“This bold action is indeed evidence of a global movement of citizens demanding science-based climate action from their governments, which the Paris agreement did not achieve," said Roger Cox, attorney for URGENDA who recently secured a court order in the Netherlands ordering the Dutch government to decrease emissions. “Like the court found in our Dutch case, governments have a duty to safeguard the climate for present and future generations. Valuable legal precedents are being set that will hopefully become an avalanche of successful climate change court cases against governments worldwide. In the absence of sufficient political action to tackle the climate crisis, courts have the authority and the constitutional duty to prevent and protect society from climate change related damages, casualties and infringements of fundamental rights and civil liberties. What courts do in these cases will have implications for the rest of the world and for the degree of climate change we will all face in the years to come."

YOU MIGHT ALSO LIKE

6 Colorado Teenagers File Appeal in Fracking and Climate Lawsuit

Food Not Bullets: Hunger Pangs of Starving Farmers Met by a Barrage of Bullets

Surgeon General's Warning: We Must Act on Climate

Mark Ruffalo: TPP Would Fuel Climate Chaos and Empower Corporate Polluters

EcoWatch Daily Newsletter

The 16-year-old Swede Greta Thunberg speaks during her protest action for more climate protection with a reporter. Steffen Trumpf / picture alliance / Getty Images

By Mark Hertsgaard and Kyle Pope

It's been 30 years since Bill McKibben rang the warning bells about the threat of man-made climate change — first in a piece in The New Yorker, and then in his book, The End of Nature.

Read More Show Less
At the International Motor Show (IAA), climate protestors are calling for a change in transportation politics. © Kevin McElvaney / Greenpeace

Thousands of protestors marched in front of Frankfurt's International Motor Show (IAA) on Saturday to show their disgust with the auto industry's role in the climate crisis. The protestors demanded an end to combustion engines and a shift to more environmentally friendly emissions-free vehicles, as Reuters reported.

Read More Show Less
Sponsored
Setting and testing the line protections for Siemens SF6 gas insulated switchgear in 2007. Xaf / Flickr / CC BY-NC 2.0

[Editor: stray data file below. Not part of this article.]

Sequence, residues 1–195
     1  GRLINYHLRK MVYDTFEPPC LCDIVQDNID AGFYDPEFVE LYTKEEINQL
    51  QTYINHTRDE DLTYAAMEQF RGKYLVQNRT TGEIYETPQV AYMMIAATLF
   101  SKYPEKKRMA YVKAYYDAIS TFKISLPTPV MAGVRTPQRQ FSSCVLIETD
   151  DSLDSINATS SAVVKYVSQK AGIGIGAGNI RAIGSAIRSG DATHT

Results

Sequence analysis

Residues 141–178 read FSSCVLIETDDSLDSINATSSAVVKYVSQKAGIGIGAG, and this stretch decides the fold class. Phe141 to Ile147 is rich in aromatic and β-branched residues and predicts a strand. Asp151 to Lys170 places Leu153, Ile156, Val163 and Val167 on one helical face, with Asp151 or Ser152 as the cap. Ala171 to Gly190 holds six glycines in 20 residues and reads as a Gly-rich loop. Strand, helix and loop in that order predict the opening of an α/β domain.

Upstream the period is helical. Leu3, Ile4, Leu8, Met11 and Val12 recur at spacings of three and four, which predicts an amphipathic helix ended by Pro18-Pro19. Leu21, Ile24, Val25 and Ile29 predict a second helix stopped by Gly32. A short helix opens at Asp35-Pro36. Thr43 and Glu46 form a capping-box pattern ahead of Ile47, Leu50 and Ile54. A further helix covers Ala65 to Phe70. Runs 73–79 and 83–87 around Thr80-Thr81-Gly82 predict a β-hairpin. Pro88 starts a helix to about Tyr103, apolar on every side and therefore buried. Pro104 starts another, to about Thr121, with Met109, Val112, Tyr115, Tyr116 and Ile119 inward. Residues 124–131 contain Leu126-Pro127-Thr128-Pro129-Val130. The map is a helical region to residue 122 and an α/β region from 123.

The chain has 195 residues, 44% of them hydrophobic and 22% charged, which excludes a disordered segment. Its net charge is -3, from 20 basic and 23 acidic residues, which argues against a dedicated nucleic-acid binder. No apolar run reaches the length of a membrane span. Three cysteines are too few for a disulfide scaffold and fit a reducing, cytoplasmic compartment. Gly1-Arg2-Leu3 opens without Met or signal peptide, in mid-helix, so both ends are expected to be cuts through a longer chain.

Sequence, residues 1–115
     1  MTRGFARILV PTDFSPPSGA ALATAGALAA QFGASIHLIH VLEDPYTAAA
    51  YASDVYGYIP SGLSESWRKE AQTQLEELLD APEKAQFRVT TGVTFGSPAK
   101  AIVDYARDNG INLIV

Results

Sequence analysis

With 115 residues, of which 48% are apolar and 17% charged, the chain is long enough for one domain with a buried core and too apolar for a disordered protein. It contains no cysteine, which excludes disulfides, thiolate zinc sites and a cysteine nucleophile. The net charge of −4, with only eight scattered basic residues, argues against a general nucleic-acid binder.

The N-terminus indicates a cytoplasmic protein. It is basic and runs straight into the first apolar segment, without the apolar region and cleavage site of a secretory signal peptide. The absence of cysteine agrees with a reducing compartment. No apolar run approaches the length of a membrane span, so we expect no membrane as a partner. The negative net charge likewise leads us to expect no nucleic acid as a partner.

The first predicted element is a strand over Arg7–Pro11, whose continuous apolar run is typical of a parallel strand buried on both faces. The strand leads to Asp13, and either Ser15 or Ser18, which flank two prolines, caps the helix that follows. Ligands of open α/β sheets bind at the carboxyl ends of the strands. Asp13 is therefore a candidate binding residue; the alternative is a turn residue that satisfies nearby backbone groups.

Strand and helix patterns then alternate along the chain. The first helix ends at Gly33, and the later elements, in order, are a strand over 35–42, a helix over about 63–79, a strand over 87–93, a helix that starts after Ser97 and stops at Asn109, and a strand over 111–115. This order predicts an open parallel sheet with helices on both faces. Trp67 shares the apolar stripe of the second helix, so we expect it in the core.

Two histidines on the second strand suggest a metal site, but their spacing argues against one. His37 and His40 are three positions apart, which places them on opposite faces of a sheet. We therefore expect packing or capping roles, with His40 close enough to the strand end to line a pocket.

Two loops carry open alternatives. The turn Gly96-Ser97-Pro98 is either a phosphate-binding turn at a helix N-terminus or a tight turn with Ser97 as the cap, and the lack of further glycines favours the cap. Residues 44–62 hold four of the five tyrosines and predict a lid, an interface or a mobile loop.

Electricity from renewable sources is growing exponentially as the technology allows for cheaper and more efficient energy generation, but there is a dark side that has the industry polluting the most powerful greenhouse gas known to humanity, as the BBC reported.

Read More Show Less
Ella Olsson / Pexels

By Elizabeth Streit, MS, RDN, LD

Sweet and regular potatoes are both tuberous root vegetables, but they differ in appearance and taste.

They come from separate plant families, offer different nutrients, and affect your blood sugar differently.

Read More Show Less
Scientists in Saskatchewan found that consuming small amounts of neonicotinoids led white-crowned sparrows to lose significant amounts of weight and delay migration, threatening their ability to reproduce. Jen Goellnitz / Flickr

By Julia Conley

In addition to devastating effects on bee populations and the pollination needed to feed humans and other species, widely-used pesticides chemically related to nicotine may be deadly to birds and linked to some species' declines, according to a new study.

Read More Show Less
Sponsored

German Chancellor Angela Merkel's government is set to unveil a package of measures on Friday, Sept. 20, to ensure that the country cuts its greenhouse gas emissions 55% by 2030, compared with the 1990 levels.

Read More Show Less
Assorted plastic bottles. mali maeder / Pexels

California ended its 2019 legislative session Saturday without passing two bills that would have led the nation in tackling plastic pollution, The Mercury News reported.

Read More Show Less
People carry children on a flooded street in Almoradi, Spain on Sept. 13. JOSE JORDAN / AFP / Getty Images

Record rainfall and flooding in southeastern Spain killed six people as of Saturday, The New York Times reported.

Read More Show Less